With the Quarter Finals lining up to start let's look at how the draft went for all eight of our surviving competitors, and see how they match up.

    Your Top 8 Contenders Line Up!


    Quarter Final One: Jorg Unfried (DEU) vs. Nicola Landoni (ITA)

    Jorg Unfried was not confident in his deck when he first sat down in the deck building area "It's ok - I'm not too happy but I think it's ok" but had cheered up once he had finished building. His deck was a blue-green mix that featured a mixed bag of infect and non-infect creatures but also some of the most powerful rares in the format - Sword of Body and Mind , Mimic Vat , Tower of Calamities and an Argent Sphinx . He certainly had the firepower to win games, and knew it "Yeah I like it - it's look funny!"

    Nicola Landoni actually had quite a similar deck - he had his own blue flyers from his UW deck and his own Argent Sphinx ! "Yeah I like this, it should be good - I have good blue flyers, and although I don't have much removal the creatures are solid".

    It promised to make for an intriguing matchup, and I would follow it in the Quarter-Finals.



    Quarter Final Two: Tommi Lindgren vs. Shuuhei Nakamura

    Tommi Lindgren was not happy at all "But then I'm never happy! I think it's UW, maybe some green as well". As it turned out he had sold his deck short, and he wound up also playing some red for a Galvanic Blast . His deck was pretty poor - it had the standout Sunblast Angel and some solid creature, but virtually no spells at all - two Stoic Rebuttal s his only instants.

    Shuuhei Nakamura had one word for his draft "Dead!" and even after he had finalised his deck he seemed no happier "Still dead! I'll never win." what Shuuhei had was a very standard red/green aggressive deck featuring multiple Molder Beast s but pretty much no actual creature removal. The only ray of hope for Shuuhei was the distinct chance that Lindgren's deck was actually worse than his own.



    Quarter Final Three: Pierluigi Aceto vs. Anders Melin

    Pierluigi Aceto was everything that Shuuhei Nakamura was not - his deck was good and he knew it. Being the sole Infect deck in a draft is perhaps the best position to be in for Scars Limited, and this time Aceto had that honor. His deck featured a trio of Plague Stinger s, with all the usual Infect suspects in support and enough black removal to suggest they would get the job done. "Yeah I'm really happy - I like this deck a lot, I think it's really good!"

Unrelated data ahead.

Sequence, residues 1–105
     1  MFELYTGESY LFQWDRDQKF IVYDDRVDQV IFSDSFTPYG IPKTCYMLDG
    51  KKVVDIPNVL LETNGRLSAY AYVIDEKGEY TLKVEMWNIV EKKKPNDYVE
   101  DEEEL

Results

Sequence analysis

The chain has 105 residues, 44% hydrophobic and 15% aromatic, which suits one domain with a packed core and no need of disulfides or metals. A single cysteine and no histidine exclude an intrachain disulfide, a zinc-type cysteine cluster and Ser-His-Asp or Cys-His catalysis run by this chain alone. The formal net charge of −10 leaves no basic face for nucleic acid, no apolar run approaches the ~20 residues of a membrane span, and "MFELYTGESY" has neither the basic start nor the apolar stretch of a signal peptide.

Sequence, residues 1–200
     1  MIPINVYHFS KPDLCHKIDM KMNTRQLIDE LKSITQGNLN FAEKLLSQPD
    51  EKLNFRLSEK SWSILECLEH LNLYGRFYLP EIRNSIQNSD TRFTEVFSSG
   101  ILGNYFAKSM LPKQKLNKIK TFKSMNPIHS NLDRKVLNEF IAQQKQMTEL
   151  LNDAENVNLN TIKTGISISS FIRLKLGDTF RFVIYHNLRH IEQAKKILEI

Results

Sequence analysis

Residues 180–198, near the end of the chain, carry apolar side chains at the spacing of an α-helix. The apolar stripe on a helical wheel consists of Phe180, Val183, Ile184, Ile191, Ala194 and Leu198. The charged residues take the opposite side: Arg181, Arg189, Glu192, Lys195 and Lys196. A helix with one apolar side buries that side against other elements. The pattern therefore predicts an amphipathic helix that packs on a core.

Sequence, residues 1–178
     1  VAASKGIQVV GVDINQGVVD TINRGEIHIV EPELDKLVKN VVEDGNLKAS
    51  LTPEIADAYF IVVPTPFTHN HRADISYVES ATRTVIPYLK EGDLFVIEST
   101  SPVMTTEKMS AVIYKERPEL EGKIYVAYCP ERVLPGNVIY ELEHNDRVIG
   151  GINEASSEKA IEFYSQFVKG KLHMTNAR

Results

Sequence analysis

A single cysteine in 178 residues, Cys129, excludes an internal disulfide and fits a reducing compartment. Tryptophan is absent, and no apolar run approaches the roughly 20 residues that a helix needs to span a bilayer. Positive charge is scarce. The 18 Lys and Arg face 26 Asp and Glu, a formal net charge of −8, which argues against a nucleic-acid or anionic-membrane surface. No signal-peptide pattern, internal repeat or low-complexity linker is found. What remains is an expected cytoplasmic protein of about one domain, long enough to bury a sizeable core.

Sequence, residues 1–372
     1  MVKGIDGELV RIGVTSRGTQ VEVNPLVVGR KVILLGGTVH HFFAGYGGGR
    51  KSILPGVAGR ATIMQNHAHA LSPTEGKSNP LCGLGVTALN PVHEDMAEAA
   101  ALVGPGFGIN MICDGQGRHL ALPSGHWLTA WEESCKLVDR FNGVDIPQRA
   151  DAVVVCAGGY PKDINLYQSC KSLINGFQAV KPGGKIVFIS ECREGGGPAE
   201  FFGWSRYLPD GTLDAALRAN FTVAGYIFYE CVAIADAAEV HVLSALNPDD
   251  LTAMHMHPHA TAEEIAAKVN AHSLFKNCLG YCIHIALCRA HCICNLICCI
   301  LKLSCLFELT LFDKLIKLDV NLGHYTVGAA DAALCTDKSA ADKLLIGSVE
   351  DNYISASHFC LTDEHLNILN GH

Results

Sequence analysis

Anders Melin was less emphatic about his deck. It was a GW deck that featured some strong creatures but not much else "I've not decided if I like my deck or not. It's got some really good cards but it has it's weakness too - I don't really have answers. My plan is to curve out"



    Quarter Final Four: Mario Pascoli vs. Guido Citino

    Mario Pascoli was sat at the head of a strong Black-Red deck. The theme for many players in the draft was a lack of removal, and the reason why was clear - Pascoli had it all! Galvanic Blast s, Instill Infection s, Flesh Allergy , Skinrender - he had it all, and half of it he had twice. The rest of his deck was solid aggressive creatures, but the key to success would be his opponents failing to get anything to stay in play. "Yeah it's good - I'm happy."

    Guido Citino was less emphatic about his deck "Not so much, I wanted White/Red and I didn't get any red. I'm mono-white with just a little red for Vulshok Replica and my Saberclaw Golem ". Still, Citino had all the Glint Hawk s from the table, and although he didn't have the nuts White metalcraft deck it still featured enough flyers and enough artifacts to mean he could win games. His big problem was that it probably wasn't a great matchup against Pascoli's removal - although he didn't know that yet.

    So that was layout of our Grand Prix Florence Top 8, and it looked intriguing. We had the blue flyers clashing, perhaps the two worst decks struggling against each other, Melin hoping to outrace the Infect, and an all-Italian clash in the last Quarterfinal.

    Could Italy defend the Grand Prix? In Pascoli and Aceto they looked in good shape...



     

  • Top 8 – Deck Lists

    by Event Coverage Staff
  • Pierluigi Aceto
    Grand-Prix Florence Top 8 draft

     

  • Quarter Final – Shuhei Nakamura vs. Tommi Lindgren

    by Rich Hagon